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Stress Busters

Stress Busters

Thanks to Susan Heathfield and Tina Indalecio for these great articles

Some quick tips to help relieve stress
Stress is normal. Everyone feels stress related to work, family, decisions, your future, and more. Stress is both physical and mental. It is caused by major life events such as illness, the death of a loved one, a change in responsibilities or expectations at work, and job promotions, loss, or changes.

Smaller, daily events also cause stress. This stress is not as apparent to us, but the constant and cumulative impact of the small stressors adds up to big impact.

In response to these daily stresses, your body automatically increases blood pressure, heart rate, respiration, metabolism, and blood flow to your muscles. This stress response is intended to help your body react quickly and effectively to any high-pressure situation.

However, when you are constantly reacting to small or large stressful situations, without making physical, mental, and emotional adjustments to counter their effect, you can experience stress that can hurt your health and well-being. It is essential that you understand both your external and internal stress-causing events, no matter how you perceive those events.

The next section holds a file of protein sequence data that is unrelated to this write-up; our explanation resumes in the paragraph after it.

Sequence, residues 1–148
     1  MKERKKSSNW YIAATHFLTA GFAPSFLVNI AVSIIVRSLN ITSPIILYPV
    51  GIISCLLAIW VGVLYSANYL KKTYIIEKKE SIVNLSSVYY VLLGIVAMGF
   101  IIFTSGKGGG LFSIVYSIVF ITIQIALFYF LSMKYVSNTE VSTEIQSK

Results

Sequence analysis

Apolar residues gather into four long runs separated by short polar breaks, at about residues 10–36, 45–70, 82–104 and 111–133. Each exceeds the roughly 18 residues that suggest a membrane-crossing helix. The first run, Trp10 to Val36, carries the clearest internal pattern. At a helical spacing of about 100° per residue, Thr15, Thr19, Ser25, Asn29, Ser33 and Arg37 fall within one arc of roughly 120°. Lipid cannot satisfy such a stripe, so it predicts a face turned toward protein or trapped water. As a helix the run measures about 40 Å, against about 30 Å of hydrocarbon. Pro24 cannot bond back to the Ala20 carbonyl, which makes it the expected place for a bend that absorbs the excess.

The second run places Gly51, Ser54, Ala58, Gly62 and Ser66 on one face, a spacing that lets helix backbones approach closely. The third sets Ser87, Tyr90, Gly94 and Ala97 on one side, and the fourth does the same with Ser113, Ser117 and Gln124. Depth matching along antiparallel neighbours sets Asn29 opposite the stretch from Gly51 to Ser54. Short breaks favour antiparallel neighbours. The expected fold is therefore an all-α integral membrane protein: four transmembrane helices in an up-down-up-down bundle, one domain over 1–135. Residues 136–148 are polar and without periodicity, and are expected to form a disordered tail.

Stress can also be positive. You need a certain amount of stress to perform your best at work. The key to stress management is to determine the right amount of stress that will give you energy, ambition, and enthusiasm versus the wrong amount which can harm your health and well-being

Tackle the task at hand with ease by utilizing these quick stress reliever tips.

Break it Up
Peel your eyes off that computer screen for five to ten minutes every hour. Look at a point across the room of if possible out a window and rest a bit. You can also stand up and stretch a little. Take frequent short breaks rather than infrequent longer breaks. You will feel more energized and refreshed throughout the day.

Breathe it Out
When you are taking a break or if you have just read an email that makes your blood boil, stop, sit quietly and take 10 deep breaths, exhaling and inhaling slowly on each breath. You will be amazed how much this can help calm those nerves and get you thinking clearly again.

Walk or Run it Off
Try splitting your lunch break in half and work in a short run or walk. This is especially helpful if you have had a stressful morning or anxiety building up for an afternoon presentation. Try it and you will feel better, more relaxed and ready to take on the second half of your day.

Right Food = Right Mind
Junk food will make you feel sluggish, add on the pounds and make it difficult to concentrate. Try bringing your lunch and packing healthy snacks you can eat throughout the day. You will quickly feel the difference at work, in your waistline and in your wallet.